I was having a HELL of a time getting a computer running Vista to "see" the printer connected to the XP machine and found out it was because some update had not been applied to the XP machine.

XP machine was also running SP2, NOT 3, so make sure you have XP SP3.

U-phorik407
07-30-2010, 08:42
just a real silly question to the OP. Forgive me, it's been a little time since I've seriously dabbled with my Linux boxes but you are logged in as root or a super user, or u have the correct rights to change things in the print settings right?

Generalcarry
07-30-2010, 09:17
just a real silly question to the OP. Forgive me, it's been a little time since I've seriously dabbled with my Linux boxes but you are logged in as root or a super user, or u have the correct rights to change things in the print settings right?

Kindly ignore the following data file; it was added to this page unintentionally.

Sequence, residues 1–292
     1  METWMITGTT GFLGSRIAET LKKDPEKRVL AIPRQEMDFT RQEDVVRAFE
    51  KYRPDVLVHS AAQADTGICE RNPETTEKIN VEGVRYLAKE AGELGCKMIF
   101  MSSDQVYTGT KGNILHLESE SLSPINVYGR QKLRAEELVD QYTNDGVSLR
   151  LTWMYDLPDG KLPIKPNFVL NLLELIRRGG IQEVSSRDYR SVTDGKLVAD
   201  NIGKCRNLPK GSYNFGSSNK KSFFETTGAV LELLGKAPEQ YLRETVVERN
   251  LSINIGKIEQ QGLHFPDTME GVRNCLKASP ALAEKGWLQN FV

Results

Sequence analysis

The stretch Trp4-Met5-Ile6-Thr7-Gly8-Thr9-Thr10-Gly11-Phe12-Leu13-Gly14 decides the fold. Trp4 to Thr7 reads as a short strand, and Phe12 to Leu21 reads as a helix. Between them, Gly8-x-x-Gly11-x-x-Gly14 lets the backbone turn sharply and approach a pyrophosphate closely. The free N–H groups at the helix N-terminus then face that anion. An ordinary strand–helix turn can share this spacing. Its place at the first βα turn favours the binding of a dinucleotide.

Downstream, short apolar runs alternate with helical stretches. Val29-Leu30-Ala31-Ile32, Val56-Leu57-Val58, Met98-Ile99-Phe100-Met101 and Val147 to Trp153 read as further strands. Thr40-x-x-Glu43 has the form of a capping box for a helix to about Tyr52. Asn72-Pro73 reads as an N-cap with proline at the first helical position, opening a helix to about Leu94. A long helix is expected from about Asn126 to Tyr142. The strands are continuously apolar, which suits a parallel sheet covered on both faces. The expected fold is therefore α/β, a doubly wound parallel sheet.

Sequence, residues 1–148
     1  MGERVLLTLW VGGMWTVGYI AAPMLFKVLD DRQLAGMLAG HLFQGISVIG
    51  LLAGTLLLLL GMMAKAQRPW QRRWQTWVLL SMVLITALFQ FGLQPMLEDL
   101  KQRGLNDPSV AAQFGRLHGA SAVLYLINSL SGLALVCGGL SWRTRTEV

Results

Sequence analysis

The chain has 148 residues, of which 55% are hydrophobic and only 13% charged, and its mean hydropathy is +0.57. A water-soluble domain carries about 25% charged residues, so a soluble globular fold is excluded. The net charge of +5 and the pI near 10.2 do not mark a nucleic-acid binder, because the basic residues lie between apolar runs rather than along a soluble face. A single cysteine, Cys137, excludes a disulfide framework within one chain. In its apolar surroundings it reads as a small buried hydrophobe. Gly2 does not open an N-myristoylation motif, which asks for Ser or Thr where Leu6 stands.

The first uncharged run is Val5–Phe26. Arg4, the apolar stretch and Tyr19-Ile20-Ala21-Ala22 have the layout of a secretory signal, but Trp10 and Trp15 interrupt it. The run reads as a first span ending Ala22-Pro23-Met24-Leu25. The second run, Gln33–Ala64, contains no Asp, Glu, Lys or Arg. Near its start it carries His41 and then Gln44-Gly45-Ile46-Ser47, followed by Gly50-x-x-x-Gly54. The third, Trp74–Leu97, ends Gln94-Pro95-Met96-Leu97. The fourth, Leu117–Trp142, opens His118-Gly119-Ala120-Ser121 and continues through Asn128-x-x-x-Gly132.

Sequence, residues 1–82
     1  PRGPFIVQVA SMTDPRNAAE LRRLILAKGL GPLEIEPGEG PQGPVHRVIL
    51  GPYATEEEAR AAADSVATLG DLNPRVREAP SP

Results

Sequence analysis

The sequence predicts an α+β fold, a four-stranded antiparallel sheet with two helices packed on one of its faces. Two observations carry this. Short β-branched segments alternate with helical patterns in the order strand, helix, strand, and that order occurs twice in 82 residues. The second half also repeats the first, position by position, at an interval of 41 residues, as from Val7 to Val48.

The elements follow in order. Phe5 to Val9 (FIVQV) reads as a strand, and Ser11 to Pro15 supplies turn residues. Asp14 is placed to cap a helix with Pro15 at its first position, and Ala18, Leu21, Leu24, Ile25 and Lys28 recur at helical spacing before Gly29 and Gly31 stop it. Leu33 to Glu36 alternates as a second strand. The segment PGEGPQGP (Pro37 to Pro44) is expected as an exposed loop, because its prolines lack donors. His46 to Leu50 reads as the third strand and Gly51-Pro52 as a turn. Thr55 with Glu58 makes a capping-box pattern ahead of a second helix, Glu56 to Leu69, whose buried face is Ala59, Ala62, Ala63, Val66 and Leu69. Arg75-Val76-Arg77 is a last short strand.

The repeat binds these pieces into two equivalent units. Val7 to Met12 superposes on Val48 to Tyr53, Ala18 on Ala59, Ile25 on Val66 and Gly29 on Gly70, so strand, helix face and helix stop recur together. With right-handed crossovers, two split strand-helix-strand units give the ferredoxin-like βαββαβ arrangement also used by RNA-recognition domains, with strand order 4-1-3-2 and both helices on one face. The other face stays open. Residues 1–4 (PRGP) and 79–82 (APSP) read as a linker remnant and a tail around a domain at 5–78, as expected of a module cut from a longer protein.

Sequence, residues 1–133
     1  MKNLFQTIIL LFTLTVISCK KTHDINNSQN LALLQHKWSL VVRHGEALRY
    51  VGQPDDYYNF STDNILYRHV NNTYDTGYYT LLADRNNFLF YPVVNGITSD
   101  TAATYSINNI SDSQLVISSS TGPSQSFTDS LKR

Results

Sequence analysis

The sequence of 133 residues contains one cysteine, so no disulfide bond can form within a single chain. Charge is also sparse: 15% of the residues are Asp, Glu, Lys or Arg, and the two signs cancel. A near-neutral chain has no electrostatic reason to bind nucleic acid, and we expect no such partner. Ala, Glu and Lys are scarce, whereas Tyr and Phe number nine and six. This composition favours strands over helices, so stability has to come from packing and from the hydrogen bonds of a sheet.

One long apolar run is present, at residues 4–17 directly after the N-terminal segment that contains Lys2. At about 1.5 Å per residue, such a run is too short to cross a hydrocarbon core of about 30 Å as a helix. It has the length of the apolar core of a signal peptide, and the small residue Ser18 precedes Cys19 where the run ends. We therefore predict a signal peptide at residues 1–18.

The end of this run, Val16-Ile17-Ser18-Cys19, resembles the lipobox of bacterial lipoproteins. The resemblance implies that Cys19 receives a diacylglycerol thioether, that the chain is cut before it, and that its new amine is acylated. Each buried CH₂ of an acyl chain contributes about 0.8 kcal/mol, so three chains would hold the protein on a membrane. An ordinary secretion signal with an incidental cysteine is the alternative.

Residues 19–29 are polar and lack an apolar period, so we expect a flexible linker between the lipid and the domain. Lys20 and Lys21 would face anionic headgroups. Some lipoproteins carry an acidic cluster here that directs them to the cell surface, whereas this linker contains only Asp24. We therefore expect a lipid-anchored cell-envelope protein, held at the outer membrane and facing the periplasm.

I'm a Linux neophyte and the only one using the computer so I must be, unless, you have to specify the fact you are the root/super user.
i

Green_Manelishi
07-30-2010, 09:54
It can be done. In my wee hoos we had 5 (now 4) 'puters printing to an old HPV40xi. One 'puter ran Ubuntu, one XP, two Vista, one OS X. The printer was not shared, it was connected to the router and a wireless print server. To enable printing from all 'puters (a goal that could not be achieved according to one tech guy at a major chain) I configured to print to the IP. Works like a charm.

JimmyN
07-30-2010, 13:18
That's actually the easiest and best way to do it. A network printer eliminates the problem of having one OS accessing a printer being shared on another OS, and it always works regardless of the mix of operating systems you have.

I think most new printers now come with an ethernet port, so you don't even need a print server. Plus with a network printer you don't need to have a PC with the printer attached running all the time, since the printer is connected directly to the LAN.

Drjones
07-30-2010, 18:33